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Language Planning as a Sociolinguistic Experiment

By: Ernst Jahr

Provides richly detailed insight into the uniqueness of the Norwegian language development. Marks the 200th anniversary of the birth of the Norwegian nation following centuries of Danish rule


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Acquiring Phonology: A Cross-Generational Case-Study

By Neil Smith

The study also highlights the constructs of current linguistic theory, arguing for distinctive features and the notion 'onset' and against some of the claims of Optimality Theory and Usage-based accounts.


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Language Production and Interpretation: Linguistics meets Cognition

By Henk Zeevat

The importance of Henk Zeevat's new monograph cannot be overstated. [...] I recommend it to anyone who combines interests in language, logic, and computation [...]. David Beaver, University of Texas at Austin


Academic Paper


Title: Grammatical Relation Probability: How Usage Patterns Shape Analogy
Author: Esther L.Brown
Institution: University of Colorado at Boulder
Author: JavierRivas
Email: click here to access email
Linguistic Field: Morphology
Subject Language: Spanish
Abstract: It has been argued speakers' knowledge of the probabilities of certain phones, words, and syntactic structures affects language production (Bell, Brenier, Gregory, Girand, & Jurafsky, 2009; Tily, Gahl, Arnon, Snider, Kothari, & Bresnan, 2009). This study provides evidence for effects of grammatical relation probabilities by identifying significant effects on verb morphology in the Spanish presentative [haber ‘there (be)’+ NP] construction stemming from nouns with varying proportion of use in subject function. In addition to this novel type of probability (grammatical relation), we present calculations that are not context-dependent but cumulative, reflecting speakers' overall experience with these nouns in the grammar. We conduct variationist analyses on corpora of spoken Puerto Rican Spanish. Our results reveal that nouns with a high probability of subject function promote the analogical leveling of haber by increasing the likelihood of reanalysis of the object as subject of the construction. We interpret these results as suggesting speakers possess lexicalized knowledge of grammatical relation usage patterns.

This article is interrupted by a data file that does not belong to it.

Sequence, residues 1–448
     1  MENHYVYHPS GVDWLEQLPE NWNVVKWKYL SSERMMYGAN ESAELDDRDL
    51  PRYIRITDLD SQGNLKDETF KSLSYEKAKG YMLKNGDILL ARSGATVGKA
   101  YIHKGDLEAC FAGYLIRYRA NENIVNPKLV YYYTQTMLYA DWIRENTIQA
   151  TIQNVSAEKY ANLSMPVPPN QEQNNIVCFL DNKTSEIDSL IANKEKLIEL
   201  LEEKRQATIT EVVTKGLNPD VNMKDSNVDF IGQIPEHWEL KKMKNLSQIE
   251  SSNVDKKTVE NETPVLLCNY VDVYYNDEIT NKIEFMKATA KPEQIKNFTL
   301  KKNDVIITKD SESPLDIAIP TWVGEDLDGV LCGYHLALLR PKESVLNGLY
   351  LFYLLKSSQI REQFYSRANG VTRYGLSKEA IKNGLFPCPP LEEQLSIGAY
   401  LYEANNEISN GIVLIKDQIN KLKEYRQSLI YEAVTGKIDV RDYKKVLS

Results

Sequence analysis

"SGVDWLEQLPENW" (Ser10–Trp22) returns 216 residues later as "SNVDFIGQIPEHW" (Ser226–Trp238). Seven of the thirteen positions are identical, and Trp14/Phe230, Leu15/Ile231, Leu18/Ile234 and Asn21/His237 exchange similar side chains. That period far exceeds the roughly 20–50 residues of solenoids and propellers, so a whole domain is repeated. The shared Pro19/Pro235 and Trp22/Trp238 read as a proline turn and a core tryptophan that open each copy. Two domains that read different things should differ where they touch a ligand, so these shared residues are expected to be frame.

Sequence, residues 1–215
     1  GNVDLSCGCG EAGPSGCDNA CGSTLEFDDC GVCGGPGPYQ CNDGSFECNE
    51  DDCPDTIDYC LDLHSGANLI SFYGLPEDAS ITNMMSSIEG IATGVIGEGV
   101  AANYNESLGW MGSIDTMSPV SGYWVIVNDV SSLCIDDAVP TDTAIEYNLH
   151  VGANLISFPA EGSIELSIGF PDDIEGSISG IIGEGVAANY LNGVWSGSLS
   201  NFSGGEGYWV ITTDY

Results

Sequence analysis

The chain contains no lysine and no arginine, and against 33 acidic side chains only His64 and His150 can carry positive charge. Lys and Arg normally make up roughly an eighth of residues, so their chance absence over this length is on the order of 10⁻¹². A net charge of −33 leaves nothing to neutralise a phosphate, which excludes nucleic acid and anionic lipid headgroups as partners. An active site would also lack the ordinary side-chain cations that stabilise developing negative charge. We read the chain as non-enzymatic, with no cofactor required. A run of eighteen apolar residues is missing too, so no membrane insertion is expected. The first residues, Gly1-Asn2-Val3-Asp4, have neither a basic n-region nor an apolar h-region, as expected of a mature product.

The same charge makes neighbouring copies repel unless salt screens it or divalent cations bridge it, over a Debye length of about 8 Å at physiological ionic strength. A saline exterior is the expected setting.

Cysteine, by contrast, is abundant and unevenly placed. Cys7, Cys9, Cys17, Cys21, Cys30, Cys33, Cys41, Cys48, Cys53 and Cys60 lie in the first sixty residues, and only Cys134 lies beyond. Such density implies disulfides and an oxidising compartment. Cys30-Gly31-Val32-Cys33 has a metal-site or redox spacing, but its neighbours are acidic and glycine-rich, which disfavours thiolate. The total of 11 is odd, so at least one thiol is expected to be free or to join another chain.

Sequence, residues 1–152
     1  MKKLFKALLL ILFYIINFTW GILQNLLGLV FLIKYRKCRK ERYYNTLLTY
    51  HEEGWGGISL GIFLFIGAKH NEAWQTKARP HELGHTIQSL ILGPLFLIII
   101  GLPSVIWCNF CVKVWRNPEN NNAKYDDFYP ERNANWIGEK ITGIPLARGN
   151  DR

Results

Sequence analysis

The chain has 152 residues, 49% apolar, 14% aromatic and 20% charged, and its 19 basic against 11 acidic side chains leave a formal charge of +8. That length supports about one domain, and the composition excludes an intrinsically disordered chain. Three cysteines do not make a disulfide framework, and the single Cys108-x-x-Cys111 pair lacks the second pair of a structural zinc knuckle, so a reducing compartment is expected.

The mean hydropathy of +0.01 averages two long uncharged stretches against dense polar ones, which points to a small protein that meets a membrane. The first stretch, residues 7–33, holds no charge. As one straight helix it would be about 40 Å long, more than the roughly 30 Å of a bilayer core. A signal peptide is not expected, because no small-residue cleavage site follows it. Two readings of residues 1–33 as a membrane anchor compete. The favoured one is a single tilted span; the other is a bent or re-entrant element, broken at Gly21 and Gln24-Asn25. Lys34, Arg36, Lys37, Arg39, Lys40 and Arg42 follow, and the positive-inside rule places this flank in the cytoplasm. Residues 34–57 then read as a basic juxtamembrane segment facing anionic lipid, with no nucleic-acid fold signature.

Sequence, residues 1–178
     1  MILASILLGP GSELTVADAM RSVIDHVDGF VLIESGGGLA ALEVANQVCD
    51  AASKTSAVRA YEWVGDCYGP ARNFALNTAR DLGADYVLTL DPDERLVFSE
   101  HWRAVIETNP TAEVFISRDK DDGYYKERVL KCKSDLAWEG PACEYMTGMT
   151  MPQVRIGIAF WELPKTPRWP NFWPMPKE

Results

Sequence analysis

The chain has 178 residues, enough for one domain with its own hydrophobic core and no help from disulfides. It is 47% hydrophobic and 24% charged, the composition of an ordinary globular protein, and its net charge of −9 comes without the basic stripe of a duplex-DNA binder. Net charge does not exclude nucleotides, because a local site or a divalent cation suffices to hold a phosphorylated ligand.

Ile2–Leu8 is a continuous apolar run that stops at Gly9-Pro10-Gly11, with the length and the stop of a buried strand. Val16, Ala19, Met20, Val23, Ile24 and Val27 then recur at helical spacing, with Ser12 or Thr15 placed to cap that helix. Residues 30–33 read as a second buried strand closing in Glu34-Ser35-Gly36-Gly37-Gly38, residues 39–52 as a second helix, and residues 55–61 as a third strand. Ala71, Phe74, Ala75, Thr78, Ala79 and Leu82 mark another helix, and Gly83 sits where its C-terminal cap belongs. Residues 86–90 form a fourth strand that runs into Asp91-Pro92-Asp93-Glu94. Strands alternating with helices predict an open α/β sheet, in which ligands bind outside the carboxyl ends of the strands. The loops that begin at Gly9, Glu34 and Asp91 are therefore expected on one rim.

CUP at LINGUIST

This article appears in Language Variation and Change Vol. 24, Issue 3, which you can read on Cambridge's site or on LINGUIST .



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